It all started with a simple question.
"Are you thinking of staying next year?" the landlord asked.
"Well, we're going to have to increase the rent. It's going to be $550."
That number blew me away, a big increase from $450. I think I'm getting a little hint here.
"Can I think about it a little?"
"Yeah, sure. We'll talk some time."
So I started looking for apartments. I found a good candidate on the Nefesh B'Nefesh email list, talked to the current tennant, and liked what I saw. Turns out I can get something downtown, where all the singles live, for not significantly more than I'm paying out here in the boonies of Pisgat Ze'ev.
On my way back from the apartment, I stopped off at the Sonol station to refill my tank. Now, most gas stations in the states have two grades, 89 octane for the hotshots and the cheaper 87 octane stuff for the rest of us schnorrers. In this case, there was something with a 96 on it that was quite expensive, and something else called "Solar," which was much less. Cool, solar. Sounds high tech, like those solar panels they have generating electricity down in the Negev Desert. So I'll fill up with the cheaper Solar stuff, like in the states. And off I went.
0.2 kilometers later, by where the odometer is now frozen, the engine started shaking and shimmying. My mind quickly raced through every possibility. Mechanical failure? But the thing only has 2500 kilometers on it. Nope. Perhaps I'm driving over a gravely surface and the engine is fighting lousy traction. No, that's not it, I'm on asphalt.
The engine died completely.
Then it hits me. Uh... wait a minute... what does "Solar" actually mean anyway? My pocket dictionary provides me with the answer I didn't want. "Solar: diesel."
So now I'm stuck in the middle of Derech Hebron with cars flying by honking and cursing at me. Called cousin Rafi. Called my friend Steven. Called the towing company. Called the Mazda dealership. Called the list of repair shops they recommended.
Talking on my car cellular to the repair shop guy.
"Ah, I see, you put diesel in your engine. Yes, that will be an expensive repair. Very very expensive."
One of the motorists driving by shouts and gesticulates at me, "Do you know how dangerous that is, stupid!?"
I scream back, "You think I CHOSE to break down here?
The operator hears my American-accented retort over the phone tries to soothe me, "Yes that's how Israelis are. Hot blooded and angry. You will have to get used to it."
In the end, Steven, a dentist, was kind enough to cancel his appointment to drive out and pick me up. We managed to roll the car to the side of the road into a legal parking spot for the night.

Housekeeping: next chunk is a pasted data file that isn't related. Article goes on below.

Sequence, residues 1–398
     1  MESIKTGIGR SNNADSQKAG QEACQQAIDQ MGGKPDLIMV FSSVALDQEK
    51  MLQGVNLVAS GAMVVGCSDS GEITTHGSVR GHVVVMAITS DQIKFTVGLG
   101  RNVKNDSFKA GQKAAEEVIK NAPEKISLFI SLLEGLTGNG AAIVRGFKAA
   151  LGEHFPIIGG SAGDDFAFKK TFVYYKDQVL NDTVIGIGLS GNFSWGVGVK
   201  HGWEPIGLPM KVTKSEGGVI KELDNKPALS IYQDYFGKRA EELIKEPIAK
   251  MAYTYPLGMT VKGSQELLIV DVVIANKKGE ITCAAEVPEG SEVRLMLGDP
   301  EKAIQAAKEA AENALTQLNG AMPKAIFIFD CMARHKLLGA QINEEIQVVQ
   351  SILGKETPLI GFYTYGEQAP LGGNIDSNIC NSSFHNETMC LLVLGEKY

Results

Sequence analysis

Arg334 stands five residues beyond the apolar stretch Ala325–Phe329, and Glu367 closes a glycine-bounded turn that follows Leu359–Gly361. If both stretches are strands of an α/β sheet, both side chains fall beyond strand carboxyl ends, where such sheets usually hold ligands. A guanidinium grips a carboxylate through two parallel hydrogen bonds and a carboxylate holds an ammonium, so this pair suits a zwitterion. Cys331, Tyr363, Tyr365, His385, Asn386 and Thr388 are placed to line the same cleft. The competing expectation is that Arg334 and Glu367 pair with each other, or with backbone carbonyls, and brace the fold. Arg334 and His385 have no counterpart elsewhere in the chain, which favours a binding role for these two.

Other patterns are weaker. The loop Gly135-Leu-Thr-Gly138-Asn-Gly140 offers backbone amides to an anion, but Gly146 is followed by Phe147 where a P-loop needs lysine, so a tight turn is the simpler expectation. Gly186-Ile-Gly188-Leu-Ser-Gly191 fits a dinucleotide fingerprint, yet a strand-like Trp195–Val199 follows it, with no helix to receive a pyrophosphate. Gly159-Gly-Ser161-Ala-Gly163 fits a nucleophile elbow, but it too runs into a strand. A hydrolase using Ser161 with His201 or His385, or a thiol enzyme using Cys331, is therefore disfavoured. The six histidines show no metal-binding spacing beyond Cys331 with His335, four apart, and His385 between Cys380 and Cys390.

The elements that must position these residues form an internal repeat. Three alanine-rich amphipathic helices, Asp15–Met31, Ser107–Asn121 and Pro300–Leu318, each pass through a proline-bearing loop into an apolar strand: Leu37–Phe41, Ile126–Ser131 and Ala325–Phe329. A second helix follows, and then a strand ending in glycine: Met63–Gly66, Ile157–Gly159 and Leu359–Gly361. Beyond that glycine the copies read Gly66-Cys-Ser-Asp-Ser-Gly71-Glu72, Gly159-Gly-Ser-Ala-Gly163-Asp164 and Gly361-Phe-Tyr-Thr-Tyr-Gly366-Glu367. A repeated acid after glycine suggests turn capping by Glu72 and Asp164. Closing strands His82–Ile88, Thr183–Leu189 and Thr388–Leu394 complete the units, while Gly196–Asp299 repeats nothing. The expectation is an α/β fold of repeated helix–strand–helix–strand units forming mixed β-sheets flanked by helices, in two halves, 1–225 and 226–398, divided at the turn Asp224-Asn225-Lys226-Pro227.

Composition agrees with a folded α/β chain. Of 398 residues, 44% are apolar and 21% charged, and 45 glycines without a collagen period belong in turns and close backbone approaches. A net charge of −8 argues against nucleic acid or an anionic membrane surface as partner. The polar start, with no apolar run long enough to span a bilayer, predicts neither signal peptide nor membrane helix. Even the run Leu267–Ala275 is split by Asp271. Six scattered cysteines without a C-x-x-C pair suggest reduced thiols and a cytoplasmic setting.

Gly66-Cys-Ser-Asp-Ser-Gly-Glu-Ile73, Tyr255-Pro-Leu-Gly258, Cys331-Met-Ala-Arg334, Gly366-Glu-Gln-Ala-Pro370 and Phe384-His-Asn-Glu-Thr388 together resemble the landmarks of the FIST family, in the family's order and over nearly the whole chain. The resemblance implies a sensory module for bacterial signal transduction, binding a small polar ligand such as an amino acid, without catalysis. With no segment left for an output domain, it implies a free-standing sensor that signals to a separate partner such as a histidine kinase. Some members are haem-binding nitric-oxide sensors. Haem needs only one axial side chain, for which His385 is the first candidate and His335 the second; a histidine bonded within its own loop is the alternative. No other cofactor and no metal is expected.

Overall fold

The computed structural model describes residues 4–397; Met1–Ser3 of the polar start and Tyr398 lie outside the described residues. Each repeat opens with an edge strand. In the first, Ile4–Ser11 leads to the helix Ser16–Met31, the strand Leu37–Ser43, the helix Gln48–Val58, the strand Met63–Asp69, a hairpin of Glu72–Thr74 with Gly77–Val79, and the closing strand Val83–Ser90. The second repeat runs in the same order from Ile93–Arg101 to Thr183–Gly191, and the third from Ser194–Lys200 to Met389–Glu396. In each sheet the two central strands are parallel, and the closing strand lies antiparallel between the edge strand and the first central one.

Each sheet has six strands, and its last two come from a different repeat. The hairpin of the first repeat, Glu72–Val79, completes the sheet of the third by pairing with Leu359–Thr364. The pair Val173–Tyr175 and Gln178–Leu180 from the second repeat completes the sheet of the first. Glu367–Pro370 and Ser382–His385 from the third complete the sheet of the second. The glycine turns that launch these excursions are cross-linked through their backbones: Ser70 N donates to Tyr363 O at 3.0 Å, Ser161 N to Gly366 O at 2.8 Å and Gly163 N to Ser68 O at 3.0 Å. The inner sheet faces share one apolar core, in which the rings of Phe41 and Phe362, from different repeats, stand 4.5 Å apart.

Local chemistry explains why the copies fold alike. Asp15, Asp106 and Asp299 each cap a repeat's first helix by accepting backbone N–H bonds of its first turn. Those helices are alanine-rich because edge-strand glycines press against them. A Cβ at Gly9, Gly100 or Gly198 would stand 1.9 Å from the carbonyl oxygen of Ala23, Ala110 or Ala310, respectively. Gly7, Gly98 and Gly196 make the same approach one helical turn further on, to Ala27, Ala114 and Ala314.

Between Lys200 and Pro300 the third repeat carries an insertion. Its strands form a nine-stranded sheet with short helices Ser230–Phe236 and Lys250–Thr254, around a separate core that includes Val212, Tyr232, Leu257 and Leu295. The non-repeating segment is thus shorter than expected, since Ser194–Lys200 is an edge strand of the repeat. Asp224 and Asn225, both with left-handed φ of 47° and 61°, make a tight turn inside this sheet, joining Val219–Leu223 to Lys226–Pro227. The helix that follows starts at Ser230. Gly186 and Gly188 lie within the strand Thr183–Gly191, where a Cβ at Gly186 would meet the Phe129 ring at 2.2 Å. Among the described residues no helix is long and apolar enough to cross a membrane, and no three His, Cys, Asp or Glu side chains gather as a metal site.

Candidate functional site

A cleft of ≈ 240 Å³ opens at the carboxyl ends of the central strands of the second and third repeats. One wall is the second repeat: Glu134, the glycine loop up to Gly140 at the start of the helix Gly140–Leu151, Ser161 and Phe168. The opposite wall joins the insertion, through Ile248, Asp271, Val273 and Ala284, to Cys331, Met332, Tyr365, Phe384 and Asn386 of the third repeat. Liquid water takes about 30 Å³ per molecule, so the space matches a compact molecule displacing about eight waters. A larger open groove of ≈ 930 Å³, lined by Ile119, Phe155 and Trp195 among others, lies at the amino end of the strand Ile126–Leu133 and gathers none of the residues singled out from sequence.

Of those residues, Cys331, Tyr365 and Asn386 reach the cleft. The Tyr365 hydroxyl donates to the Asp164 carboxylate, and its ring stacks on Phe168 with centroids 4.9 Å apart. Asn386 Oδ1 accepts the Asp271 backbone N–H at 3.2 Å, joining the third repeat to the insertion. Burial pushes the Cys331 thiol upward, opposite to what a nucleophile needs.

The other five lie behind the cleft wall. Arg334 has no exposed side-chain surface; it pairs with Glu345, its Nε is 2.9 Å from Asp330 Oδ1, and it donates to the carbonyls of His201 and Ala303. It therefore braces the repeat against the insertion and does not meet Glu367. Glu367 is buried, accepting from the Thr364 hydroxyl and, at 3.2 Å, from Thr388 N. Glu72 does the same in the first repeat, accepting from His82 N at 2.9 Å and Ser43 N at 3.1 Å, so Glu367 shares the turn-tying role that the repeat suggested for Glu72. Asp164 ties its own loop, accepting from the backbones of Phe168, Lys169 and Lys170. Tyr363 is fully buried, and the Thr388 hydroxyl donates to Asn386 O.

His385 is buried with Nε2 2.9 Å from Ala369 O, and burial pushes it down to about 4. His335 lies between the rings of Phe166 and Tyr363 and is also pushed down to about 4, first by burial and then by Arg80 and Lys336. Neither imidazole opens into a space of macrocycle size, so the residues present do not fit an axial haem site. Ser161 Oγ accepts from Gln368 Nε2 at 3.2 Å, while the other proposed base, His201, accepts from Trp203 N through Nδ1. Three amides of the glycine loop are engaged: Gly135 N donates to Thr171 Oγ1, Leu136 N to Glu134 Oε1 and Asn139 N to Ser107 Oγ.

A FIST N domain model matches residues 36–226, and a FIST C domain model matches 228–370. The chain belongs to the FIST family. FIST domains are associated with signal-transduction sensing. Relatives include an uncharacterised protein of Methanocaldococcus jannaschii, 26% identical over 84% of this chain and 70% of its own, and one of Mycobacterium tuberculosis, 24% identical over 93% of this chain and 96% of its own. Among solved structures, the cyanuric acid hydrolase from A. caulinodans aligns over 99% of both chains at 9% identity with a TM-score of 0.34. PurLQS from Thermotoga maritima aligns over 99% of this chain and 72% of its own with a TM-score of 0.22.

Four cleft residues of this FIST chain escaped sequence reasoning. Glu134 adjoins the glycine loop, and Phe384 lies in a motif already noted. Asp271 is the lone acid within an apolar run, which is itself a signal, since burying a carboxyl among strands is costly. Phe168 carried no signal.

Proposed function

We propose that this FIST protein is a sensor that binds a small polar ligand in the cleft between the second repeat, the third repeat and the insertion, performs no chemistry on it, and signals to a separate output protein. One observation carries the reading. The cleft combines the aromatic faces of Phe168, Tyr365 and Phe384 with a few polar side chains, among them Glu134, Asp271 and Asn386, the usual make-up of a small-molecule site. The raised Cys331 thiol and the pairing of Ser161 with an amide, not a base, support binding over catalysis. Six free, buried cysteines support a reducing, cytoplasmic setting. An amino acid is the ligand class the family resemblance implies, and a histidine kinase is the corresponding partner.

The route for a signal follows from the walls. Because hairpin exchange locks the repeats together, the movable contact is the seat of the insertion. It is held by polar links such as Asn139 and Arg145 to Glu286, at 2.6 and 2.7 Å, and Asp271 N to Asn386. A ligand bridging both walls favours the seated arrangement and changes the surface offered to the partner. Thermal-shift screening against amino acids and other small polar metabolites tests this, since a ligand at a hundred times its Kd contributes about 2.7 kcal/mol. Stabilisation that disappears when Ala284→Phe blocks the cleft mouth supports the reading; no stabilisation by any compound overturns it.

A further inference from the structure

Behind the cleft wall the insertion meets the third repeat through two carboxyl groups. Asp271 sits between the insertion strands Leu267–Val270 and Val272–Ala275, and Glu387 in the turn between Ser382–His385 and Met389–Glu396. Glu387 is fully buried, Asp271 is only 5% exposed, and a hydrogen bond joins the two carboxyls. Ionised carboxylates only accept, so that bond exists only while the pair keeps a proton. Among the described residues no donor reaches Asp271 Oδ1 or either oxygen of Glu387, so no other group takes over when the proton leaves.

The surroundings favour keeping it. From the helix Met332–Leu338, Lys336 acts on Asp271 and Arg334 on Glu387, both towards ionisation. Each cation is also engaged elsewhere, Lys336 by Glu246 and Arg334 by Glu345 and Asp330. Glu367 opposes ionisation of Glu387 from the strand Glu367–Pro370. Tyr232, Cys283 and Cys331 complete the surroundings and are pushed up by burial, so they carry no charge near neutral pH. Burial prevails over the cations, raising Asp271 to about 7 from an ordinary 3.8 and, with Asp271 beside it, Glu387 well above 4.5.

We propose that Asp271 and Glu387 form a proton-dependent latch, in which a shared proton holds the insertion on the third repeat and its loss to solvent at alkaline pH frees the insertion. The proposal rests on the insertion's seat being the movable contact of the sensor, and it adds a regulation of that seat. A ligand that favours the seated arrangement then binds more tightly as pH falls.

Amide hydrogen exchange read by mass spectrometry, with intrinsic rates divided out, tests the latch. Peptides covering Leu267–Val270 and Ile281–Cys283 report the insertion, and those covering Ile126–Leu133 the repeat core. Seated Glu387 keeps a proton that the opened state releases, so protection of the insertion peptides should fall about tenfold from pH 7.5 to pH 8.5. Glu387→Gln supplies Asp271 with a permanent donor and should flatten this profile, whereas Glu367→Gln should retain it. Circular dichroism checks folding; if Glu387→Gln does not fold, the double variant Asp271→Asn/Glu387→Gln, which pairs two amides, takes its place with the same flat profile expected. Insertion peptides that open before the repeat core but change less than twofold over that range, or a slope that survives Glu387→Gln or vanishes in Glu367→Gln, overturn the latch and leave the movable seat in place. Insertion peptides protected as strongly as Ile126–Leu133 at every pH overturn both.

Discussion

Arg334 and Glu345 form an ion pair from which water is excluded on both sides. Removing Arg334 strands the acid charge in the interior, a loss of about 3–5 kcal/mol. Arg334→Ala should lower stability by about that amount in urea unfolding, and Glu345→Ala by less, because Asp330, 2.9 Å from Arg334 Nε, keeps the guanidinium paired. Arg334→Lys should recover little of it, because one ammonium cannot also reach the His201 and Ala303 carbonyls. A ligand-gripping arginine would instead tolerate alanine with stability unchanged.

We get back to Steven's car to head back to Pisgat Ze'ev when suddenly... nothing happens! That's right, his handheld car alarm security deactivator has failed, as has the backup he brought. So now we're BOTH stuck and can't get home, and end up taking a taxi.
The next day, I'm riding in the front seat with Kobi the tow truck driver, heading to a repair shop that my insurance rep recommended. Kobi quizzes me about my life here in Israel and sees how glum I feel.
"Don't feel bad, this is the month of Elul. All of the judgments against a person for the year are passed now. For all of the Tzarot (troubles) you're going through now, by the time you get to Rosh Hashannah and Yom Kippur, you'll have a clean record."
As we arrive at the repair shop, Kobi bursts out ahead of me and runs up to the Avner, the head mechanic. He holds Abner's hand gently and kisses it.
"Avner, please, be nice to the boy, he's a new immigrant!"
"Yes, I already heard this whole story from his insurance salesman. He called a few minutes ago."
"He's a good boy," Kobi continues, "a yeshivah student!"
"Yes, but is he a GOOD student?"
In the end, it cost 1603 shekels (about $400) to clean the fuel system and repair the vehicle. As Rafi put it, "I was expecting another zero on that number." And, of course, I learned my new Hebrew word for the day, solar.
So back to the apartment search. Out of curiosity, I check the prices in Pisgat Ze'ev... and see my own apartment advertised! And for only $470, not the $550 he's charging me to try to chase me out. Of course, the landlord didn't have the guts to tell me himself that I would be removed from the premises. So I'm definately going to be moving.